Never feed animals. Feeding wildlife damages their health, alters natural behaviors, and exposes them to predators and other dangers. Headlines are made when wildlife is attracted to humans and their food. Bears get the most attention for tearing into tents, coolers and cars in search of a meal, but in reality, rodents and birds are probably going to be the wildlife you have the most interactions with while camping. These animals pose little threat to human safety, but their presence can be a nuisance, they can spread disease and their taste for human food is a harm to their own well-being.
Animals are adept opportunists. When offered the temptations of an untidy backcountry kitchen or a handout from a curious camper, they can overcome their natural wariness of humans. Aggressive or destructive behavior may follow, and in conflicts with humans, animals ultimately lose. Human foods and products are harmful to wildlife because they prevent animals from foraging and eating a nutritious diet. Prospects of an easy meal lure wildlife into hazardous areas such as campsites and trailheads or roads and entry points, where they may be chased by dogs or hit by vehicles. It may also cause them to congregate in unnatural numbers, increasing stress and the spread of disease within their populations.
Store food and trash securely. “Food” includes garbage, canned food, stock feed, pet food, fuel and scented or flavored toiletries. The salt in hiking boots, backpacks or clothing can also attract many small mammals.
To avoid attracting animals, keep a clean camp by picking up all garbage — even the tiniest food scraps — and carrying it out in a plastic bag. Be careful not to drop food on the trail as well. Appropriate storage and transportation methods vary considerably from place to place, so consult local rangers and land managers about the best practices.
Control your pet. Wildlife and pets are not a good mix — even on a leash, dogs harass wildlife and disturb other visitors. A dog can frighten wildlife and distract wildlife from performing tasks vital to their survival, such as finding food. The best option, therefore, is to leave your dog at home. If you must travel with your pet, check for restrictions in advance. Most national parks prohibit dogs on all trails. Always use a collar and a short leash to control your dog. Remove pet poo from trails, picnic areas and campsites by disposing of it in a cat hole as you would human waste, or in a trash can.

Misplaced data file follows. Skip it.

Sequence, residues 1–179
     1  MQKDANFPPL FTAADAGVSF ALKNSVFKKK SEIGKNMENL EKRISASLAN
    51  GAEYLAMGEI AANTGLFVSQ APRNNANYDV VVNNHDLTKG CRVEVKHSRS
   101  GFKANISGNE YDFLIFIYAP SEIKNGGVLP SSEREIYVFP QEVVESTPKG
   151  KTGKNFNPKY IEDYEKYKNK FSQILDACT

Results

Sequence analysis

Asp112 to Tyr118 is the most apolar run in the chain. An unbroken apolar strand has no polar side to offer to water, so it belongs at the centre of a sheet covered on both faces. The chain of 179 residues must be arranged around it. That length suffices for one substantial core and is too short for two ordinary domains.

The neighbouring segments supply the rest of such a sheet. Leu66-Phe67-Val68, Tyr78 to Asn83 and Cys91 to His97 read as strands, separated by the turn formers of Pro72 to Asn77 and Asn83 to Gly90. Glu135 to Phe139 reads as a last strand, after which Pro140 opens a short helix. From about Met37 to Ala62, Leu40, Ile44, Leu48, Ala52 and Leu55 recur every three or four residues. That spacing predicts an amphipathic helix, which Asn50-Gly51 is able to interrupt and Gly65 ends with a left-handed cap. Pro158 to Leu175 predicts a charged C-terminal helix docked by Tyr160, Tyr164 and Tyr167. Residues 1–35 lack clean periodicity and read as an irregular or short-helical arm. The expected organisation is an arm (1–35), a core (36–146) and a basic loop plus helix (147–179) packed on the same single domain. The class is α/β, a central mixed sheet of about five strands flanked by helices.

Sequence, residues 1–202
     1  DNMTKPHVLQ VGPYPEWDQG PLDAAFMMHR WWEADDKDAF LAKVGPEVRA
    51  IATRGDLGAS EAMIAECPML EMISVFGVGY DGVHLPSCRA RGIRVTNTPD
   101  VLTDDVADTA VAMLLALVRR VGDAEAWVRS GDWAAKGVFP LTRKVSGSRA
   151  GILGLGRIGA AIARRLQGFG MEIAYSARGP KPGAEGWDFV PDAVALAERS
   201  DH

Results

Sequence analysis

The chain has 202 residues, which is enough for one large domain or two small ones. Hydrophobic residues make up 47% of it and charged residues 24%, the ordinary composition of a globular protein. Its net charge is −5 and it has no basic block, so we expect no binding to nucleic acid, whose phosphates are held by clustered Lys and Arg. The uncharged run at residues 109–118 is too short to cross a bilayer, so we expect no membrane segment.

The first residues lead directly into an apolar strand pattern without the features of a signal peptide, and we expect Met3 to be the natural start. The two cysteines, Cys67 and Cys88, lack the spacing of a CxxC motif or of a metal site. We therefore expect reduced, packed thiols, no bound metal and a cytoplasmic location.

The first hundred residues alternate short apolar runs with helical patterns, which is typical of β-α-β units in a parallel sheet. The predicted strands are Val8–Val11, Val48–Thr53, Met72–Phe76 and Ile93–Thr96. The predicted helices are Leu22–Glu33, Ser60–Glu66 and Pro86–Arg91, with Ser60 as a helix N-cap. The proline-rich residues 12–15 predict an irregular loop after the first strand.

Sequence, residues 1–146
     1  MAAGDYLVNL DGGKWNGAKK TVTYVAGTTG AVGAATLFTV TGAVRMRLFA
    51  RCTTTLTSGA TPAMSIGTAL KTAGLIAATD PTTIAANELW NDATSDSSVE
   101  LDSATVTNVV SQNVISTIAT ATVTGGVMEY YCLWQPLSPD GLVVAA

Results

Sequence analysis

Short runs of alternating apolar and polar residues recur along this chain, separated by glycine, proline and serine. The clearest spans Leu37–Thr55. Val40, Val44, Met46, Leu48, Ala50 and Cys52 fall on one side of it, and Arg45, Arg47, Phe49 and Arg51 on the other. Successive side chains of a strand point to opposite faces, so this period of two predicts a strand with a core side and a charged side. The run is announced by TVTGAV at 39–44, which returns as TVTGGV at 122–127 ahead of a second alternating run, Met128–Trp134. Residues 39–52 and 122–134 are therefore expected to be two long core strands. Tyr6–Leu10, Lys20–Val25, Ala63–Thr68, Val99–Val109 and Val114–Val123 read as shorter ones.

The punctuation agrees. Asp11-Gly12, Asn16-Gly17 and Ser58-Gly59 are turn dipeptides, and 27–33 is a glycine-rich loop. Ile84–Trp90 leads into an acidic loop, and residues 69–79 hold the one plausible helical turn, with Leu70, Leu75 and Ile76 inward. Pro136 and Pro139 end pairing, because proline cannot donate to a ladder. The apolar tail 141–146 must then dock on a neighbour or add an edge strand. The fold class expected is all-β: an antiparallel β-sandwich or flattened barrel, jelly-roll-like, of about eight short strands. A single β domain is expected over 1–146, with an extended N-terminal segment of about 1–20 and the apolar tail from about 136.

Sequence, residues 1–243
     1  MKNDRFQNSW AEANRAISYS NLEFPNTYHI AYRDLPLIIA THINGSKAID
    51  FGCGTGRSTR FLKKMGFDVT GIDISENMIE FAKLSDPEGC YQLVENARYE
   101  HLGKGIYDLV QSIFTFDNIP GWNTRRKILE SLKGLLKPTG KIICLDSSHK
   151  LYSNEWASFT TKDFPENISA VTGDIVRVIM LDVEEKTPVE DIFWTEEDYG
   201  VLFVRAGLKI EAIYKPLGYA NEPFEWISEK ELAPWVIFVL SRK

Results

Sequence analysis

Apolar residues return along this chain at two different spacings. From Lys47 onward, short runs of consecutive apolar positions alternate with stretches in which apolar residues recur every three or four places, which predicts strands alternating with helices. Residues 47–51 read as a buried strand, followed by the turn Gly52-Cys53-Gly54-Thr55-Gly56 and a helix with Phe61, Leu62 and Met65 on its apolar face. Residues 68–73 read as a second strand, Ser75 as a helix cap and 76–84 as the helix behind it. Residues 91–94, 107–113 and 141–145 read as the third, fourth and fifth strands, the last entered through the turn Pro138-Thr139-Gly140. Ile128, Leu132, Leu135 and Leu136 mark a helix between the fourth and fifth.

Special considerations for bear country. The chance to explore a wild place that is still inhabited by large predators is a special experience, but one that also comes with responsibility. As we head into those wild places for our own adventure, we need to recognize that we are entering the places a bear can call home. Our actions in these places can have a dramatic impact on the future of these animals.
Bears are opportunistic omnivores who follow their nose to the next meal. This skill has kept them fed, but it has also resulted in “problem bears,” or bears that associate humans with food. Once this association has been made, a bear is generally doomed. Most land managers give a bear two chances to reform, after that it is destroyed if it comes into someone’s camp looking for a handout. Bears are not cuddly, harmless pets. They have killed and mauled humans, sometimes without an understandable cause.
Black bears are most dangerous when surprised or threatened. Therefore, the first step to safety for bears and people is to avoid an unexpected encounter. Make noise when you are traveling in bear country, especially in spots where visibility is limited by vegetation. Travel in groups of three or more and stay close together. Watch for bear signs — tracks, scat, clawed trees, etc. If you smell an animal carcass, go out of your way to avoid it. Be particularly wary of a female with cubs. You don’t want to come between mama bear and her babies, or any bear and its dinner.
When you camp in bear country, separate your cooking area from the place you plan to sleep by at least 100 yards. Concentrate all odors in the cooking area. Do not bring food back to your tent. In some cases, you may even consider storing the clothes you cook in with food and other odorous items. Anything that smells should either be hung up overnight or stored in a bear-proof container. This includes toothpaste, soap and bug repellant.
Watch: How to Use a Bear Canister >>
Hang food from tree limbs 12 feet off the ground, 6 feet from the tree’s trunk and 6 feet below the supporting limb, or store it in specially designed bear-resistant canisters or on-site lockers.